Argentina's forward Lionel Messi, seen here celebrating after scoring a goal against Albania during a friendly match at the Monumental stadium in Buenos Aires, on June 20. La Pulga (the flea) has yet to transfer his scintillating club form to the international arena - witness his near anonymous showing in last year's World Cup quarter-final humiliation by Germany.
AGENCE FRANCE PRESSE
BUENOS AIRES: For another stunning season at Barcelona even by his own exalted standards Lionel Messi undoubtedly deserves the epithet of best player in the world.
But La Pulga (the flea) has yet to transfer his scintillating club form to the international arena - witness his near anonymous showing in last year's World Cup quarter-final humiliation by Germany.
Argentina coach Sergio Batista says he has a "Plan B" just in case Messi fails to spark at the Copa America starting on July 1 - but even in Latin America, flair is not the only ingredient required for a successful recipe.
Ironically, it took a Brazilian to say it in so many words - Joao Saldanha, predecessor of Mario Zagalo - handler of the great Pele-inspired 1970 ensemble - opining that "every team needs someone to carry the piano" - that is, to do the donkey work.
That may be so - but fans of Brazil in particular demand that a healthy proportion of the squad can play it in approaching maestro fashion and Argentina supporters are no fans of a pedestrian version of the game.
Although Messi's Barcelona have arguably taken modern football to a new level with their unerring high-speed passing game his own tribulations in Argentina's sky blue and white mean pragmatism will underpin the tactics of the majority of Copa coaches.
If Messi is undoubtedly the man to dazzle on his day, Brazil can point to a number of starlets in their own team, steadily being rejuvenated by coach Mano Menezes, who will hope for great things in giving Santos starlet and Real Madrid and Chelsea target Neymar his head.
The 19-year-old, already the subject of one rejected Chelsea bid, bagged both goals in the Selecao's recent friendly win over Scotland in a showing which only served to enhance the burgeoning reputation of a teen who only made his international debut last August - promptly scoring in a 2-0 win over the USA.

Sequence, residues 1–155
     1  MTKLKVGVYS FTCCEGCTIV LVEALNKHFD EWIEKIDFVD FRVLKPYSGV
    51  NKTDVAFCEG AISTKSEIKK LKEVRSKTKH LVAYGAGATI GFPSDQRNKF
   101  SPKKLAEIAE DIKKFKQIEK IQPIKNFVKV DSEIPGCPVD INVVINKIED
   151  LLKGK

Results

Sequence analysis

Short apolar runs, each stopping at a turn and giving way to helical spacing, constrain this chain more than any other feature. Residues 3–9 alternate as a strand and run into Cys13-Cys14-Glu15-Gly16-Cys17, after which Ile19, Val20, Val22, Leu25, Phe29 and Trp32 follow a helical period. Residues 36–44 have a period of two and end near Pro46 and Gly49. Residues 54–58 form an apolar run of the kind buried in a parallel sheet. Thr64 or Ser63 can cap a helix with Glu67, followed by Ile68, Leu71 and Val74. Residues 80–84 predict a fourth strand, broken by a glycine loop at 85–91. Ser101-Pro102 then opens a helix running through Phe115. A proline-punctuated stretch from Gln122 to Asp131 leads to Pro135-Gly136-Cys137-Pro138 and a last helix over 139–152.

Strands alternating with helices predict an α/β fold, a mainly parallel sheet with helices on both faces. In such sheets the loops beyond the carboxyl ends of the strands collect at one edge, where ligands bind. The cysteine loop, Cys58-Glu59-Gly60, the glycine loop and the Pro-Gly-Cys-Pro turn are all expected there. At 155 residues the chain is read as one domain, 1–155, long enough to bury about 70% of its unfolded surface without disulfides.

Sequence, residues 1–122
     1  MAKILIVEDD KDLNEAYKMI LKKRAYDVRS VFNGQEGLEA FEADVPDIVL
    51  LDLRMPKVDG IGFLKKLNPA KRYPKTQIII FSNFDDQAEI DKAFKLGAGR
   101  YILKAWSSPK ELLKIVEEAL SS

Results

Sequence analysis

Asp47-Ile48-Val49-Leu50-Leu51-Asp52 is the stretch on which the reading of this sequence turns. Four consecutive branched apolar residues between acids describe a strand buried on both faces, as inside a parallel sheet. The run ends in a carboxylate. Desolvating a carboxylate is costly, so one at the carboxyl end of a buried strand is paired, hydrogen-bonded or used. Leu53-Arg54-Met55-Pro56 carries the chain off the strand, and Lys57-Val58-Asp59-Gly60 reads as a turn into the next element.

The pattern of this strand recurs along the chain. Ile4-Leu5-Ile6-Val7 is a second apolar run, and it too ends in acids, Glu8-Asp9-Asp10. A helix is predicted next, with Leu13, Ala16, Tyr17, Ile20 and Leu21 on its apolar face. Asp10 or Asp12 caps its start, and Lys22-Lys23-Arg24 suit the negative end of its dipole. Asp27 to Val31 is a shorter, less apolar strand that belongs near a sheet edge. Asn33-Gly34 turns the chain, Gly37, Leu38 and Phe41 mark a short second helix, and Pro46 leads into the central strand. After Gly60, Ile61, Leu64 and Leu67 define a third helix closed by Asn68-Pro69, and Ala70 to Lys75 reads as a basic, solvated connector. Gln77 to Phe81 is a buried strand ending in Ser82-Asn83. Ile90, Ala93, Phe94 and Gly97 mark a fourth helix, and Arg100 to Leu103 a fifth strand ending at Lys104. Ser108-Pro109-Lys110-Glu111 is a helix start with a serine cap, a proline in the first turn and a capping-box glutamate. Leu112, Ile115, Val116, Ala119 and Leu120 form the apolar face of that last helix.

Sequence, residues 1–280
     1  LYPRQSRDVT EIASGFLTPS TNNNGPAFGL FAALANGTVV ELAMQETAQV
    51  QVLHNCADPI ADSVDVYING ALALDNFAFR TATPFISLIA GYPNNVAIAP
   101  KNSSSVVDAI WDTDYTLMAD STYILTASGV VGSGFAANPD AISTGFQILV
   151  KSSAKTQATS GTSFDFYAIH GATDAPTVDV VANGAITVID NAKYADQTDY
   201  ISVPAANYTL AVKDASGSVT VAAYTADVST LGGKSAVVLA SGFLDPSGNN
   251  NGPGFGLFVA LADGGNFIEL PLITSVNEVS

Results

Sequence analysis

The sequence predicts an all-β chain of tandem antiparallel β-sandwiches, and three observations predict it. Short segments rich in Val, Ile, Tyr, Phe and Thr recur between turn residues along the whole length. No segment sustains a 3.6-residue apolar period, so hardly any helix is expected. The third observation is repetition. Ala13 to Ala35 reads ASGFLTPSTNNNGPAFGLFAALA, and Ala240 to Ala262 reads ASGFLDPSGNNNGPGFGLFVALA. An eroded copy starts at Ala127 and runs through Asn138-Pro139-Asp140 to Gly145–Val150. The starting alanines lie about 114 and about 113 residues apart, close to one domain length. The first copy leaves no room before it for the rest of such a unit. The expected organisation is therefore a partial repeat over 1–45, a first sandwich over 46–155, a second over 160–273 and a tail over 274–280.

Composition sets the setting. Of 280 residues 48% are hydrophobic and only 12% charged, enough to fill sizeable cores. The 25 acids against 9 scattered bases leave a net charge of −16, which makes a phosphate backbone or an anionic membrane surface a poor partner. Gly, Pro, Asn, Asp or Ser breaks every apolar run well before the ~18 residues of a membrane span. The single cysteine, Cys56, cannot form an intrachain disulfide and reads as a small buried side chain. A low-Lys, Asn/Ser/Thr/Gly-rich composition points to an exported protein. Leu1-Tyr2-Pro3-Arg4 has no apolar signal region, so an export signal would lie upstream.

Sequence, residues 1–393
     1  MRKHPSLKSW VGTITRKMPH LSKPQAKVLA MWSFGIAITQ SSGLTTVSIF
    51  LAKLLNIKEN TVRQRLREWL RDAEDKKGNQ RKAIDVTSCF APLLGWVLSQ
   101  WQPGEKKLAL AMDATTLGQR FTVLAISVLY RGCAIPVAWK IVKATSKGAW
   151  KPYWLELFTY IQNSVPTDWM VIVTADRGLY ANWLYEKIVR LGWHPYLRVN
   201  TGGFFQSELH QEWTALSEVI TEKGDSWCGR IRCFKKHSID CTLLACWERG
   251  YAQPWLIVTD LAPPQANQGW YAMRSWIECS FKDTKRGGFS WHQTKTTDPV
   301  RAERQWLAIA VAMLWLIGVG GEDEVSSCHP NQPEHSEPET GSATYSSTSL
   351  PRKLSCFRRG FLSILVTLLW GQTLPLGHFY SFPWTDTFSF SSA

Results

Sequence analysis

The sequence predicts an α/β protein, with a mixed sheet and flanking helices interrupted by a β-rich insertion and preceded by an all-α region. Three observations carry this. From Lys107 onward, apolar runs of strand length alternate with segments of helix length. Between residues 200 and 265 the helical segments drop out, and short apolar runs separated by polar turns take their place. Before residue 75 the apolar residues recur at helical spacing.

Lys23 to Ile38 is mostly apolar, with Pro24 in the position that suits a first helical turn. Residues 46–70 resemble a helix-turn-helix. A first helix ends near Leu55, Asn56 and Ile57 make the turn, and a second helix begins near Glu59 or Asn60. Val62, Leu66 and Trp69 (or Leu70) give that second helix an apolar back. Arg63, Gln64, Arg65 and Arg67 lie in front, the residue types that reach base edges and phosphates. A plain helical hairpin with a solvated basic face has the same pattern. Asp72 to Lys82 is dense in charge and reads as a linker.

Menezes has already stated that the rough and tumble of a stint in England could well be just what his rising star requires.
"The style in England will give him stronger physical strength and he would develop to escape the strong marking. If he did that he would be a more complete player," Menezes said after Neymar proved too good for the Scots.
Attacking midfielder Paulo Henrique Ganso, a clubmate of Neymar at Santos, is another fresh face at 21 who is coming through the ranks with Menezes' eye fixed firmly on a strong World Cup on home soil in three years time.
Recent injury woes including thigh and knee problems have held Ganso's development in temporary check but Menezes believes that his Santos youngsters "are two guys who give us alternatives."
Away from the usual Argentinian and Brazilian suspects, Uruguay will hope their talisman Diego Forlan will reproduce the World Cup which made him player of the tournament in South Africa.
Chile will pin their hopes largely on the shoulders of Barcelona and Manchester United target Alexis Sanchez of Udinese after his impressive form this season in Serie A.
The unpredictable Colombia meanwhile have in their star man Radamel Falcao not exactly a youngster at 25 but nevertheless a man who averaged almost a goal a game with FC Porto in the past two seasons and could well earn him a move to Chelsea for next season rejoining coach Andre Villas-Boas.
Although his ratio is nearer one in four games for the Colombians he did lift the under20 version of the Copa in 2005.